Sunday, May 24, 2015

In 2000, Congress established a Memorial Day moment of silence—asking Americans to pause Monday afternoon at 3:00 as an act of National unity.  I am sure there will not be pausing anywhere. No one even knows about this pausing thing but we should do it. Memorial Day is supposed to be the day we visit the burial site of a fallen soldier. Someone who volunteered to risk their life in some war and lost it. That still has to be the bravest thing of all. Yet there are Memorial sales in every store urging you to go there and forget about the graves. Some people get paid time and a half if they are chosen to work on Memorial Day.  No time for graves or pausing. The American soldier returning home has changed too.

Society has changed. After World War II soldiers came home to loving waiting wives and were given them back their old jobs or were at the top of the list for a new job. Their deployment was for a short time and if a soldier had children they were sent home first to be with their young families and to pick up where they left off in life. Things have changed. Our newest soldiers have been deployed for multiple tours of duty some of them in the military for 15 years since 911. Divorce is common. No home or woman to come home to. No job. These guys do have booze addictions, and pain killer addictions and messed up lives now.  Should we pause for these new guys with nothing in their hands but Gin, pills and their Purple Star for bravery?

A classic example of the new soldier is the life of Staff Sargent Tommy Rieman who is a certified American Hero. He received the Silver Star for valor in Iraq. He was proud to wear an American soldier uniform and in 2003 his three vehicle convoy drove into a death trap. They were ambushed by 35 guys and most of his buddies were killed. He survived shots in his arm chest and legs. When he got home he traveled the world as a military spokesman. He even has a feature role in a combat video and an action figure. President Bush personally thanked him for his service at the State of the Union Address in 2007. You would think that it doesn’t get better than that for a returning soldier but in reality he did not feel like a hero as many soldiers feel. He was haunted by PTSD and Alcoholism.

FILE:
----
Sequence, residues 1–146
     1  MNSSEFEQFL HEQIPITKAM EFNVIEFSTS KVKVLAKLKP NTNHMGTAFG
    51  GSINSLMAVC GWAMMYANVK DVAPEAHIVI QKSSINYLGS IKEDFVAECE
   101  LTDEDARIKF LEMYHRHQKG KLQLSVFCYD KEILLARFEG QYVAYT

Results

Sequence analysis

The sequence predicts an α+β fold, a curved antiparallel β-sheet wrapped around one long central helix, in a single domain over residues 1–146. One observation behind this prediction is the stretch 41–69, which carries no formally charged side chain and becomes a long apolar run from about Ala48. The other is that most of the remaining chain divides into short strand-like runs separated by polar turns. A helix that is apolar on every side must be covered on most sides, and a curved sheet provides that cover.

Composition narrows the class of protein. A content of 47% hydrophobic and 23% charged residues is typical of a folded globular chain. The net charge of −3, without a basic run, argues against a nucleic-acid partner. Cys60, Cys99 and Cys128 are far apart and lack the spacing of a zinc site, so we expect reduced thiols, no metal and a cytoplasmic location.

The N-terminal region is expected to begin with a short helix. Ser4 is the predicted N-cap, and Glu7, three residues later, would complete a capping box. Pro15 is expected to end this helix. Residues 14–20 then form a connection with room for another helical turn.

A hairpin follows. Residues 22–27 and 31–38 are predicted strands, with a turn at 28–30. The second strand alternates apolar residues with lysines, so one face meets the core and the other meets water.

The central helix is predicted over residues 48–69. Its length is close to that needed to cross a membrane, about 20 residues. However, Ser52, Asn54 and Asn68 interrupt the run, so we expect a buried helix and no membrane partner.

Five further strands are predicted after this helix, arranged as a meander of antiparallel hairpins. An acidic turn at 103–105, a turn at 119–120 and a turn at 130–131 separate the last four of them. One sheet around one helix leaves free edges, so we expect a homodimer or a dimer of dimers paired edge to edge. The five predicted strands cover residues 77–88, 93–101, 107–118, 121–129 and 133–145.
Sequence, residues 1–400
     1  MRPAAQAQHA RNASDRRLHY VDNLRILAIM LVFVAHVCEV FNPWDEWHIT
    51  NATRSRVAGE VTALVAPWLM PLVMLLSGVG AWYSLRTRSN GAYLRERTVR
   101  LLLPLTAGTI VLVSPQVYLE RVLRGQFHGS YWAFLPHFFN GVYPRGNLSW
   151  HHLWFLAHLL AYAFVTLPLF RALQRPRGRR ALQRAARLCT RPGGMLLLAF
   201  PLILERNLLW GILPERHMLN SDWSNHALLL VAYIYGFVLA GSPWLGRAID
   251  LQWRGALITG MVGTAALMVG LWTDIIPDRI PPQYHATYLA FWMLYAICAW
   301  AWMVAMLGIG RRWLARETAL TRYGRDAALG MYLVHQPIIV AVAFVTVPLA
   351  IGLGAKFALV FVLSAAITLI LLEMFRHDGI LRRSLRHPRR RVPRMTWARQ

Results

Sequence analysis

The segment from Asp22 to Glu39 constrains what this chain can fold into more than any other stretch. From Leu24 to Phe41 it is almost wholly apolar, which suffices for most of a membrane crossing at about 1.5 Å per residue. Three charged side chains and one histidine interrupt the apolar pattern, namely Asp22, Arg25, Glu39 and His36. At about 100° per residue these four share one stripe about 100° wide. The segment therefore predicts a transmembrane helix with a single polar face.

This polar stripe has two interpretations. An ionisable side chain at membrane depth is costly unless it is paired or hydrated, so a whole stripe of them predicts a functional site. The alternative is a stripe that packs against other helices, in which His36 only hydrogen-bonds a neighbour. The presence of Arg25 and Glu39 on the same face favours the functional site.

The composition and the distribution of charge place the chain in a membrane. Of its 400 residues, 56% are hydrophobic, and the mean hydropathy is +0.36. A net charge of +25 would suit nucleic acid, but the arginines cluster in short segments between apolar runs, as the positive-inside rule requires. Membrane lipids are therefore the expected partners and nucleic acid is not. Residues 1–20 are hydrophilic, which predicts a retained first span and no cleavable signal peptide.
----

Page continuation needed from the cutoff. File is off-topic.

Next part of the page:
He lost his marriage and child and house. Everything that was special to him. He was full of hatred and tried to commit suicide twice and survived that too. He had hit rock bottom. Now he was arrested for drunk driving but was sent to a new popular kind of court. It is called the Veterans Treatment Court designed for Veterans and the special issues that have confronted returning soldiers.  It is modeled like other special courts around the country like Drug Treatment Court. These specialty courts are designed to keep nonviolent offenders out of court. It is estimated that one out five soldiers suffer from PTSD and 1 in 6 has an issue with substance abuse.

Tommy got help with all those issues in court. It is the one court where you salute the Judge. It is a mutual sign of respect. There are now as many as 220 Military Treatment Courts in America now across 33 states. The first one was established in 2008. They are all mentored by other Vets and find even housing and rehab treatment centers. The program demands accountability. If the Veteran completes the rehab or treatments the sentence is reduced or forgiven.  Roughly 11,000 Vets are now receiving help through the Veterans Treatment Courts. 98% of Veterans have not been rearrested for crimes. Only now for that 98% do the Veterans feel they have a new beginning in America because now they have jobs and homes and a reason to live again. God Bless America when we finally do right for Americans and our most faithful men and women our Veterans.

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